Utah Overtime Laws

Utah Overtime Laws

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Utah Overtime Laws

 

Quick Guide to Utah Overtime Laws 

Utah Overtime Law

Utah overtime laws are provided under the state’s legislature, and most employees are covered by these UT overtime laws except for certain exceptions. 

Under §34-30-8 of the state’s code on Utah overtime law, an employee must work at least 40 hours before receiving one and one-half (1 ½) times the hourly wage.  Other sections of the UT overtime law are discussed throughout this article as well. 

You will find information in this article about Utah overtime law on overtime minimum wage, wage claims for violations of UT overtime laws, other state laws, and more.  

What is the minimum overtime wage under Utah overtime laws?

According to Utah overtime law on minimum wage, the current overtime minimum wage is $10.90 after rounded to the lowest nickel.  If you have worked more than 40 hours a week, unless you’re in a certain profession, your employer is required to pay you overtime rates according to Utah overtime laws.  

If you believe your employer has violated UT overtime laws, you will find information about filing a claim at the end of this article.  

Exemptions for Utah Overtime Law

Minors under the age of 16 cannot receive overtime under UT overtime laws because they are not allowed to work more than 40 hours during even a nonschool week—except in certain cases.  Exemptions for adults under Utah overtime laws are mandated by the Fair Labor Standards Act in 29 USC §213.  Some of these exemptions under the FLSA and Utah overtime law are listed below:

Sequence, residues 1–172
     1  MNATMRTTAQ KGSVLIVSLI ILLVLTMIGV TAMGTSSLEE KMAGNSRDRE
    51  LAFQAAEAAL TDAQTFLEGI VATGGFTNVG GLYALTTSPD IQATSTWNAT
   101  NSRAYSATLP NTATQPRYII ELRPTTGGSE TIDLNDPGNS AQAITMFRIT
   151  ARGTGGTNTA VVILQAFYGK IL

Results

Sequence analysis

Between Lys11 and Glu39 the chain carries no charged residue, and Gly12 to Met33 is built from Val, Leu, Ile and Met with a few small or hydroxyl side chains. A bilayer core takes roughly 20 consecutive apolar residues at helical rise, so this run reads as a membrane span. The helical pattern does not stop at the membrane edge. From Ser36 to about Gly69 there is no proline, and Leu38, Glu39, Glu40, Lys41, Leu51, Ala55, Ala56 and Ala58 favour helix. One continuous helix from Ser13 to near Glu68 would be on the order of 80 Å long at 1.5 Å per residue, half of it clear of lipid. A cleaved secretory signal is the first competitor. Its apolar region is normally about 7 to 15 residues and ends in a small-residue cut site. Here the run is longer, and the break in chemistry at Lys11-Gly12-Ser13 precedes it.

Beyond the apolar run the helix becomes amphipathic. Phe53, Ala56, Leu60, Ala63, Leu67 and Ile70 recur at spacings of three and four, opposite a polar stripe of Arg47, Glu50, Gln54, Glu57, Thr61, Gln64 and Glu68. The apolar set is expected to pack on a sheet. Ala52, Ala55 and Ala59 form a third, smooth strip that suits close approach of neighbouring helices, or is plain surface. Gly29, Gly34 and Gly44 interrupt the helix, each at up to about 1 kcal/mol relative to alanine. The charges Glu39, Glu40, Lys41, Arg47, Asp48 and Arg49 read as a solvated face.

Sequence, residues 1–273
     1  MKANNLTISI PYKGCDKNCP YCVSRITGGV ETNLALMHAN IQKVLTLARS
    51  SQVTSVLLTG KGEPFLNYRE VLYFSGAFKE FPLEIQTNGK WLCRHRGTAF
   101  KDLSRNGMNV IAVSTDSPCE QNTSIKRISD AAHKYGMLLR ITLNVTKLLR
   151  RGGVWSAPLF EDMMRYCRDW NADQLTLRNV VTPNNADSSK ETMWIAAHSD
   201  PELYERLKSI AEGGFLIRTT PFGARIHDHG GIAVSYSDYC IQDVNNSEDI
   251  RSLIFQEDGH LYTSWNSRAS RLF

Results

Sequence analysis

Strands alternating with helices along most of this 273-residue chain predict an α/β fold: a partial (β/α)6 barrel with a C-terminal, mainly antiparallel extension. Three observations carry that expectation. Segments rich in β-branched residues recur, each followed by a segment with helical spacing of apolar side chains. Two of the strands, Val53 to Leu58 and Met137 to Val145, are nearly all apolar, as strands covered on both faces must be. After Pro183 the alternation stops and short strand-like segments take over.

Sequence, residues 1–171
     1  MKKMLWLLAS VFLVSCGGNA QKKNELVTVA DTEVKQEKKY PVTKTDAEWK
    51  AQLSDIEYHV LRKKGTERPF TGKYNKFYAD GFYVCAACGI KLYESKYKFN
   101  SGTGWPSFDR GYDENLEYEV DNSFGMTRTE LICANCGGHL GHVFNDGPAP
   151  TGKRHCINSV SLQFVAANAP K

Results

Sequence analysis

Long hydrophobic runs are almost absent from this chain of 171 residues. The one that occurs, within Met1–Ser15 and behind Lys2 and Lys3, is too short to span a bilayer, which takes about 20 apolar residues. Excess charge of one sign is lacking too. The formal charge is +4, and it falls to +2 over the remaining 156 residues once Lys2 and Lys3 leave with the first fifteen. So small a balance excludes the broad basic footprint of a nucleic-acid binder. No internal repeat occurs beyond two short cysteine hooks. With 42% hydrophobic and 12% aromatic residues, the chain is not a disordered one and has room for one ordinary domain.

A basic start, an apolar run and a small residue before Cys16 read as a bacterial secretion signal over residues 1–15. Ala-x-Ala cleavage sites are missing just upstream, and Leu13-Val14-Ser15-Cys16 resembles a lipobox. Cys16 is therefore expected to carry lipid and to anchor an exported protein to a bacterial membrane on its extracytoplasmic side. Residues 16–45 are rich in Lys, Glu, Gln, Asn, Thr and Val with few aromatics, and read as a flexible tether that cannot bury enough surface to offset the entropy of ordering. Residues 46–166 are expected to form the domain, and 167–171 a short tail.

• if the employee is in a bona fide executive, administrative, or professional capacity

• an outside salesman

• any employee in amusement or recreational establishment, organized camp, religious or non-profit education conference center if the business does not operate more than 7 months a year

• any employee employed in catching, taking, propagating, harvesting, cultivating, or farming of any kind of fish, shellfish, crustacean, sponges, or other types of sea life

• any employee in agriculture if they did not work more than 500 man-days or works part of a family farm 

• any employee involved with weekly, semiweekly, or daily newspaper circulation (referenced in Utah overtime laws for minors)

• any switchboard operator

• domestic employees 

• criminal investigators

• some computer-related employees

Filing a Wage Claim for Violation of Utah Overtime Laws

If you believe your employer has violated a Utah overtime law and offered you unfair wages, you can file a wage claim by completing the forms under the provided link

You’ll have to send the form to P.O. Box 146630, Salt Lake City, UT 84114 according to UT overtime laws, and you call (801) 530-6801 if you have any questions about the form.  

Before filing a claim for violation of UT overtime laws, you should always try to settle the dispute with your employer before submitting such a form.  The Labor Commission of Utah encourages an outside settlement for violation of UT overtime laws, but the Commission also states that filing a claim for violation of Utah overtime laws cannot subject an employee to discriminatory or retaliatory action from the employer.  

If an employer violates Utah overtime law and then takes retaliatory action, they can face serious consequences and penalties from the state.  

 

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